Petitioners' Rule 6(e) allegations arose from the following facts: When the grand jury that ultimately returned the Sherman Act indictment was sitting, Midland and another company under investigation brought suit seeking to have the Government pay for the cost of compliance with grand jury subpoenas. In re Grand Jury Subpoenas to Midland Asphalt Corp. and Krantz Asphalt Co., Civ. No. 85-633E (WDNY, Feb. 12, 1985) (In re Grand Jury Subpoenas ). In that action Midland filed a motion asking that the District Court compel the Government to retain its rough and final notes of witness interviews. In response, the Government filed a memorandum in which it agreed to retain rough notes and final reports prepared by prosecutors and other Government personnel during its investigation of the western New York road-paving business. Approximately one year later, the defendants in a separate criminal case, also involving allegations of asphalt contract bid rigging in western New York State, United States v. Allegany Bitumens, Inc., Crim. No. 86-59C (WDNY, Apr. 14, 1986), filed a similar motion to require the Government to preserve its interview notes. Again the Government filed a memorandum agreeing to do so, noting that it had already made such a commitment to the District Court, and attaching a copy of its earlier memorandum in the In re Grand Jury Subpoenas case.

Petitioners' motion to dismiss the indictment in the present case alleged that the Government's filing, in Allegany Bitumens, of its memorandum from the In re Grand Jury Subpoenas case, publicly "disclose[d] matters occurring before the grand jury" in violation of Rule 6(e)(2). Specifically, the motion alleged that the memorandum disclosed the nature and focus of the investigation, the name of a grand jury witness, and the fact that the witness was to testify as an individual and not as a document custodian for Midland. Finding that the prosecution had not violated Rule 6(e)(2), the District Court denied petitioners' motion to dismiss the indictment.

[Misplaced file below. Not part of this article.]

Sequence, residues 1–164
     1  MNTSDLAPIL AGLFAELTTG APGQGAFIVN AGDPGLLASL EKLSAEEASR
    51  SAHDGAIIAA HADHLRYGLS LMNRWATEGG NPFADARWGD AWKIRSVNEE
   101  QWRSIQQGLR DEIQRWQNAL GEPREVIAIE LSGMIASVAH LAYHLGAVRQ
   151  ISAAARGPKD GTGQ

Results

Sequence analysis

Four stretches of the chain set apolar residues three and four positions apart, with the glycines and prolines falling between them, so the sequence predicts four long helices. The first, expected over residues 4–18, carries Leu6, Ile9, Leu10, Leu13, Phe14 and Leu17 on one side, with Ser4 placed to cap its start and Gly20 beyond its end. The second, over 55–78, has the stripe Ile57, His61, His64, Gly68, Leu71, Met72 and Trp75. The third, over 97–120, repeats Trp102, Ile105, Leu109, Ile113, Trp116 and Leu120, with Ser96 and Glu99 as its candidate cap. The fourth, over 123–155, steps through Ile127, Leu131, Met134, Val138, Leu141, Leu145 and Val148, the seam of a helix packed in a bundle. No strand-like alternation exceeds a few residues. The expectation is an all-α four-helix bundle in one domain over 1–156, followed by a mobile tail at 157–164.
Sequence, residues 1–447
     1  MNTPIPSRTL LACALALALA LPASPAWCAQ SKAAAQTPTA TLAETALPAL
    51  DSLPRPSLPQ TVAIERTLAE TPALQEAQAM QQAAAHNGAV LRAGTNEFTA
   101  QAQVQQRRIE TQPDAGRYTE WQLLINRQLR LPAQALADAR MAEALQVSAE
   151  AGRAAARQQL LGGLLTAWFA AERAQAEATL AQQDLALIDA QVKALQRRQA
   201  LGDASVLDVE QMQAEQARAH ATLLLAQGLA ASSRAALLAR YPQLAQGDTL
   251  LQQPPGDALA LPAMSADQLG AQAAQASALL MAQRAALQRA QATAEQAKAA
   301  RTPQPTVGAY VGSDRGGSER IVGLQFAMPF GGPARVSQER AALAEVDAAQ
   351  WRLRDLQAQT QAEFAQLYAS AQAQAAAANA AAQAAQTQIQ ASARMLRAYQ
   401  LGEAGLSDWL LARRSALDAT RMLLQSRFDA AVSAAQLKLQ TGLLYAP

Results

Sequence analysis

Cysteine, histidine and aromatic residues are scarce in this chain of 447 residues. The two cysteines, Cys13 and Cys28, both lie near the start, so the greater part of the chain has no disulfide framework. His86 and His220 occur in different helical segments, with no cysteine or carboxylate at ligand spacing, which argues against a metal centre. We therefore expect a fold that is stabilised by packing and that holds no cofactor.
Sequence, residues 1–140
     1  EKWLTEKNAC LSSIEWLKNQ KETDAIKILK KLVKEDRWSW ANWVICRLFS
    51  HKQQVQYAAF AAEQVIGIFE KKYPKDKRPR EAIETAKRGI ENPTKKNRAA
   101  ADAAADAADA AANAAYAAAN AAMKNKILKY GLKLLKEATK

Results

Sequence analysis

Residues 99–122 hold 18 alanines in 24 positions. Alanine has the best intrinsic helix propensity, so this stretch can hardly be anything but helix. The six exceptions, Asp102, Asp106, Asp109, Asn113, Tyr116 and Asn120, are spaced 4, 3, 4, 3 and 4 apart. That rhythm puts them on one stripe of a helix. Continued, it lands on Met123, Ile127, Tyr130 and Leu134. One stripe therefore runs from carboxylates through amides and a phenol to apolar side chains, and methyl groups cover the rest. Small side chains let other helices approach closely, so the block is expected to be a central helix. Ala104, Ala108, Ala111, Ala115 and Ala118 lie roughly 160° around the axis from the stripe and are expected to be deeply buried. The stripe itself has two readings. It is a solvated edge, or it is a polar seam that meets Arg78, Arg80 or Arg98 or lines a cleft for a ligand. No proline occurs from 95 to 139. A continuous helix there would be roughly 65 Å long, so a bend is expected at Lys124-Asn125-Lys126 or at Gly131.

On appeal in the Court of Appeals for the Second Circuit, the Government moved to dismiss for lack of jurisdiction, contending that the District Court's order declining to dismiss the indictment was not a "final decision" under 28 U.S.C. § 1291. Petitioners responded that this Court's decision in United States v. Mechanik, 475 U.S. 66, 106 S.Ct. 938, 89 L.Ed.2d 50 (1986), in which we held that an alleged violation of Federal Rule of Criminal Procedure 6(d) was rendered harmless beyond a reasonable doubt by a petit jury's guilty verdict, would make district court orders denying motions to dismiss indictments based on alleged violations of Rule 6(e) "effectively unreviewable on appeal from a final judgment," Coopers & Lybrand v. Livesay, 437 U.S. 463, 468, 98 S.Ct. 2454, 2458, 57 L.Ed.2d 351 (1978), and hence immediately appealable under the collateral order doctrine, see ibid. The Court of Appeals rejected petitioners' contention on the ground that Rule 6(d), the subsection at issue in Mechanik, exists primarily "to protect the person under investigation from being indicted in the absence of probable cause," 840 F.2d 1040, 1046 (1988), whereas Rule 6(e) serves the different function of "protect[ing] society's interest in keeping secret the identity of grand jury witnesses and persons under investigation," ibid. It concluded that "Mechanik [would not] preclud[e] a federal court of appeals from exercising post-trial review of an order denying a motion to dismiss an indictment for violation of Rule 6(e)," ibid., that denials of motions to dismiss indictments for alleged violations of Rule 6(e) are therefore not immediately appealable under the collateral order doctrine, and that the Government's motion to dismiss the appeal in the case before it should be granted.